Middle East: Faint Glimmer of Hope

Posted November 20, 2009

There’s a glimmer – a very faint glimmer – of hope arising from recent developments in Palestine. I’m referring to the statement by Mahmoud Abbas (Abu Mazen) that he will not seek reelection as “president” of the Palestinian Authority (PA), in essence a statement of resignation. If Abu Mazen stands by his resignation, it will deliver a much-needed kick in the teeth to the Obama administration.

President Obama’s performance in regard to Israel-Palestine has mirrored his stance on health care — where he promised universal care and then allowed the insurance lobby to draft the bill and the Catholic bishops to write amendments stripping away abortion rights. The U.S. president boldly announced a demand for Israel to halt settlement construction and then, when Israeli prime minister Netanyahu responded by announcing the construction of 3000 new settlement units to be followed by a “temporary partial freeze” that wouldn’t even include East Jerusalem, the Administration called for the Palestinians to enter negotiations anyway.

The message was delivered to the PA by Secretary of State Hillary Clinton, who called Netanyahu’s acceptance of a “provisional Palestinian state” without defined borders an “historic step.” Clinton has done nothing to achieve Middle East peace, but she’s accomplished a miracle of comparable magnitude – she’s made us nostalgic for Condoleezza Rice. Abu Mazen responded in the only manner compatible with salvaging the last shred of his political and personal dignity – telling Obama and Clinton he’s finished. There are one too many knives stuck in his back, and American betrayals have destroyed his ability to lead.

Remember that all this occurred after the U.S. administration coerced Abu Mazen into asking the United Nations to bury the Goldstone Report – a position he was forced to reverse due to Palestinian outrage, completing his humiliation and his (please forgive the expression) political castration. Obama and Clinton have assumed that president Abbas is their puppet. This premise in fact is false – he is a conservative, compromising and now deeply discredited nationalist, but a Palestinian nationalist nonetheless. His resignation, leaving the U.S. policy of capitulation to every Israeli dictate without a figleaf, is the final service he could give to the Palestinian cause.

What next? I said there’s a faint glimmer of hope. This requires, first, that Abu Mazen sticks to his position in the face of massive pressure from the United States, Arab governments and the corrupt entrenched PA bureaucracy to rescind his resignation. It requires, second, an internal Palestinian political renovation that would coalesce around a leader capable of effectively waging both resistance and negotiation – the best candidate for which would probably be the imprisoned militant Marwan Barghouti. And it would require, third, that the growing international campaign of boycott/divestment/sanctions (BDS) force the United States to recognize the reality of Israel’s isolation and its declining value as a “strategic asset” so long as the Occupation continues.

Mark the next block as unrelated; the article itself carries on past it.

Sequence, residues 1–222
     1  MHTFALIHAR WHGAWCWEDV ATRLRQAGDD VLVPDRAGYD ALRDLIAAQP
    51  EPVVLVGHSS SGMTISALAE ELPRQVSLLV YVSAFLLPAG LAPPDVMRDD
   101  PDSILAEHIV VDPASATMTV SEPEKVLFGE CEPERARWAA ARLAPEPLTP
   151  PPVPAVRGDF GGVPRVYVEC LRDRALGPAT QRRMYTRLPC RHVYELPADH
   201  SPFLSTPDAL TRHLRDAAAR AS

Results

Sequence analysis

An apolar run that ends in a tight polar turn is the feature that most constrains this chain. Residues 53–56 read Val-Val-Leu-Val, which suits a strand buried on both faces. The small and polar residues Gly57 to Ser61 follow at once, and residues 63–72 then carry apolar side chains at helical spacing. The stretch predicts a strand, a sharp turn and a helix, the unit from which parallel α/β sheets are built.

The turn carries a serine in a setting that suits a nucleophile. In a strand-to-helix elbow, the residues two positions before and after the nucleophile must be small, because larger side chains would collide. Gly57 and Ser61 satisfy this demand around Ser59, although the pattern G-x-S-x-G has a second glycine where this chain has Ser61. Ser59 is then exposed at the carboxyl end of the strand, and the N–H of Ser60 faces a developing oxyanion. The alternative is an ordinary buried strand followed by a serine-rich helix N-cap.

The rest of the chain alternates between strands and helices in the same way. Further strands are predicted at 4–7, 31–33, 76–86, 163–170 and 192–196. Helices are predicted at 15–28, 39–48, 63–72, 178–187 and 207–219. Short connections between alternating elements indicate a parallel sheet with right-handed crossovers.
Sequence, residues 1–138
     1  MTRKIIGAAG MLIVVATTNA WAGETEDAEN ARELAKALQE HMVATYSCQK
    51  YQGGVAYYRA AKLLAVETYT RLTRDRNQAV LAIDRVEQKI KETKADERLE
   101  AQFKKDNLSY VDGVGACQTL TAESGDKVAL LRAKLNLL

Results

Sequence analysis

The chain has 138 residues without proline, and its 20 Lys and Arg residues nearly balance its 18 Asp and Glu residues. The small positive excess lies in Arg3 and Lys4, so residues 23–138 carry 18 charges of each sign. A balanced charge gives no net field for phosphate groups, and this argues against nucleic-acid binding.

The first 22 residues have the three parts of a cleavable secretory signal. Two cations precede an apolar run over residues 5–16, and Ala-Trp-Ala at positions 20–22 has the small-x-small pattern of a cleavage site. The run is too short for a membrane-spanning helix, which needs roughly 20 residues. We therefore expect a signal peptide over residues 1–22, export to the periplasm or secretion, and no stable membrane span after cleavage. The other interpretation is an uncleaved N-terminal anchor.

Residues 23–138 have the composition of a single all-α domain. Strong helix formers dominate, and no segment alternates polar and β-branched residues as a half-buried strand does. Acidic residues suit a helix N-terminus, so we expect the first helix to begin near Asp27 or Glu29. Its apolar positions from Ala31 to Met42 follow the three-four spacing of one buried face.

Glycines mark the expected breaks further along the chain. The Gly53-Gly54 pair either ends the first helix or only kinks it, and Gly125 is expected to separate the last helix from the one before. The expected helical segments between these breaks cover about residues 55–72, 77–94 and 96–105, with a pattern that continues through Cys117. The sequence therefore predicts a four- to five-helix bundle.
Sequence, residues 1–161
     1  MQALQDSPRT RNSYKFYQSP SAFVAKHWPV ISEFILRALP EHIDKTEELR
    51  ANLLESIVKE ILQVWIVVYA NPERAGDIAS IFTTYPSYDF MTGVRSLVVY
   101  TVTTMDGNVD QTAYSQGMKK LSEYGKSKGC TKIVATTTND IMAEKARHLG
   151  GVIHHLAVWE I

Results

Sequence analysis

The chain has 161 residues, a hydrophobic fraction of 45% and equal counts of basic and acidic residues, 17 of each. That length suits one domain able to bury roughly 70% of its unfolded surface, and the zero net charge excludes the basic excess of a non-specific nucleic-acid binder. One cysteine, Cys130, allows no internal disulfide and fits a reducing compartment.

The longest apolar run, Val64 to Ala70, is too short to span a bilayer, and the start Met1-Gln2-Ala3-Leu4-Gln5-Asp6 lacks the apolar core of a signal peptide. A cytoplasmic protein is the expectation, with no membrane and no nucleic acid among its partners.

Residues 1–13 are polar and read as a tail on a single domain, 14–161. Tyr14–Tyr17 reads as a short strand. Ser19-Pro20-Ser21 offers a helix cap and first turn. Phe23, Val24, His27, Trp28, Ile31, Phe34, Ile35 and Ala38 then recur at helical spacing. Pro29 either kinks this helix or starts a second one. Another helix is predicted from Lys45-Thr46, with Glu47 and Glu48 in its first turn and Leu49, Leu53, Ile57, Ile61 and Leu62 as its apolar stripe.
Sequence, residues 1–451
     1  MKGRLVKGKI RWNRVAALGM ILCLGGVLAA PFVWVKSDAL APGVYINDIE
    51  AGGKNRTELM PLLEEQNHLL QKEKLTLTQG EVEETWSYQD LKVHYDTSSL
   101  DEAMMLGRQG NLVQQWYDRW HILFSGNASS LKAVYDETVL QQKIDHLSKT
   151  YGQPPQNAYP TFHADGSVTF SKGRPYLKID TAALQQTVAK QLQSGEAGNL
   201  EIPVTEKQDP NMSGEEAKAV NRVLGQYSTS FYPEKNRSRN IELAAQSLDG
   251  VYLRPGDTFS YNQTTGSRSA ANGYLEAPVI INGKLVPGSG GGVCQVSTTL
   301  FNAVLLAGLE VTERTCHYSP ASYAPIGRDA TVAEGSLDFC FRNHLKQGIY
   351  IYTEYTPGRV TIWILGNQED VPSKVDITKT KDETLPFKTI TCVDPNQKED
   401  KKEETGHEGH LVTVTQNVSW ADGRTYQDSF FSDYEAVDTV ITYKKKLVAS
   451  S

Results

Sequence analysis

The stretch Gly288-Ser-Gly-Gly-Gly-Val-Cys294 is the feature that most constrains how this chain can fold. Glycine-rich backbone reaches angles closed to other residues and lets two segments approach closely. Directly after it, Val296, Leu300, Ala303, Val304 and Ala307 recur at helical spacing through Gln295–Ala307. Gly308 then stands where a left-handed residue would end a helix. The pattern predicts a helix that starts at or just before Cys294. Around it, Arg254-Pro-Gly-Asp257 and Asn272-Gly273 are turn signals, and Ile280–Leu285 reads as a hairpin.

Under these circumstances, the logjam in the Israel-Palestine disaster might start to break. If not – in particular, if U.S. pressure coerces Mahmoud Abbas to come back after all, meaning that he is effectively converted to the puppet the Americans thought he was – then the current glimmer of hope will be lost and any possibility of a viable “two-state solution” can be buried once and for all.


3 responses to “Middle East: Faint Glimmer of Hope”

  1. R Avatar

    I too find it impossible to justify dropping the demand for right to return of Palestinian refugees. Not sure how that fits in to envisioning a “one-state solution”–is this some sort of appeal to Zionist fears of a combination of demographic shift and “one person-one vote” democratic norms?

  2. Anonymous Avatar

    Is a two state solution the most acceptable? Saeb Erekat recently said it was impossible. I don’t think a lot of people understood what he meant.

    To divide this area into two states along ethnic lines would require large population transfers on both sides, or else two very very gerrymandered states.

    There is a one state solution, however, which proposes that both parties give up notions of Right of Return and any ethnic or religious privledges, and everyone living in Israel-Palestine would have voting rights to vote for candidates for a single parliament.

    While this model is counter to both Zionism and Palestinian Nationalism, it’s democratic and egalitarian and may, in the long run, be a much better idea than the two nation-states idea the international community has been pushing for so long.

  3. Philip Alan Davis Avatar

    Dear Anonymous,

    Your comment about Israel and Palestine is very wrong.

    You are correct in your assertion that a two state solution is not the answer. The Israelis have annexed so much territory in the West Bank that a separate independent state is impossible.

    Your opinion, though, that Palestinians should give up their right to return after being forcibly removed from their homes at gunpoint starting in the 1930s is downright evil.

    Palestinians were there first, their land was taken without permission, and the creation of the Israeli Zionist state has created one of the worst refugee crises in world history.

    Palestinians have every right to return and they have every right to self-determination in any way they see fit.

    It is my hope that someday Palestinians and Jews will live together in one state; a secular socialist Palestine. Until that time, however, Palestinians have every right to return to land that was taken from them and to determine their own future and destiny.